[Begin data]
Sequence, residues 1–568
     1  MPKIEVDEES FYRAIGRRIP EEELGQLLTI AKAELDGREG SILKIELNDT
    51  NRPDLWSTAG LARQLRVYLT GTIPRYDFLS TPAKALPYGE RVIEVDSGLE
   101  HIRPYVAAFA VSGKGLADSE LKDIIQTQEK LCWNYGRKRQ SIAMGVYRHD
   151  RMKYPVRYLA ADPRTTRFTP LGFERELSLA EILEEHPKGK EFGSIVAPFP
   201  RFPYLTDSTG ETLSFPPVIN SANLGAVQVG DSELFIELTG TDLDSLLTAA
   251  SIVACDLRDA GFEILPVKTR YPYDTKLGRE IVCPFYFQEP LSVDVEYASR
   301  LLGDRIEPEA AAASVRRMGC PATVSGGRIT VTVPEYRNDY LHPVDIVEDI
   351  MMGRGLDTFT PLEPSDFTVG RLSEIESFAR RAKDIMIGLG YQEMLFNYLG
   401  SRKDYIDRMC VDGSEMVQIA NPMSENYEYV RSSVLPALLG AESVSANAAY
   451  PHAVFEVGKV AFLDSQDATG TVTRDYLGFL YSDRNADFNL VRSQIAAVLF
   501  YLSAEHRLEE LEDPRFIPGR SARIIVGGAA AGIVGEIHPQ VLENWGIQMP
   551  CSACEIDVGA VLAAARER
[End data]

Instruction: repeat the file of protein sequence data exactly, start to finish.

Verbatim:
Sequence, residues 1–568
     1  MPKIEVDEES FYRAIGRRIP EEELGQLLTI AKAELDGREG SILKIELNDT
    51  NRPDLWSTAG LARQLRVYLT GTIPRYDFLS TPAKALPYGE RVIEVDSGLE
   101  HIRPYVAAFA VSGKGLADSE LKDIIQTQEK LCWNYGRKRQ SIAMGVYRHD
   151  RMKYPVRYLA ADPRTTRFTP LGFERELSLA EILEEHPKGK EFGSIVAPFP
   201  RFPYLTDSTG ETLSFPPVIN SANLGAVQVG DSELFIELTG TDLDSLLTAA
   251  SIVACDLRDA GFEILPVKTR YPYDTKLGRE IVCPFYFQEP LSVDVEYASR
   301  LLGDRIEPEA AAASVRRMGC PATVSGGRIT VTVPEYRNDY LHPVDIVEDI
   351  MMGRGLDTFT PLEPSDFTVG RLSEIESFAR RAKDIMIGLG YQEMLFNYLG
   401  SRKDYIDRMC VDGSEMVQIA NPMSENYEYV RSSVLPALLG AESVSANAAY
   451  PHAVFEVGKV AFLDSQDATG TVTRDYLGFL YSDRNADFNL VRSQIAAVLF
   501  YLSAEHRLEE LEDPRFIPGR SARIIVGGAA AGIVGEIHPQ VLENWGIQMP
   551  CSACEIDVGA VLAAARER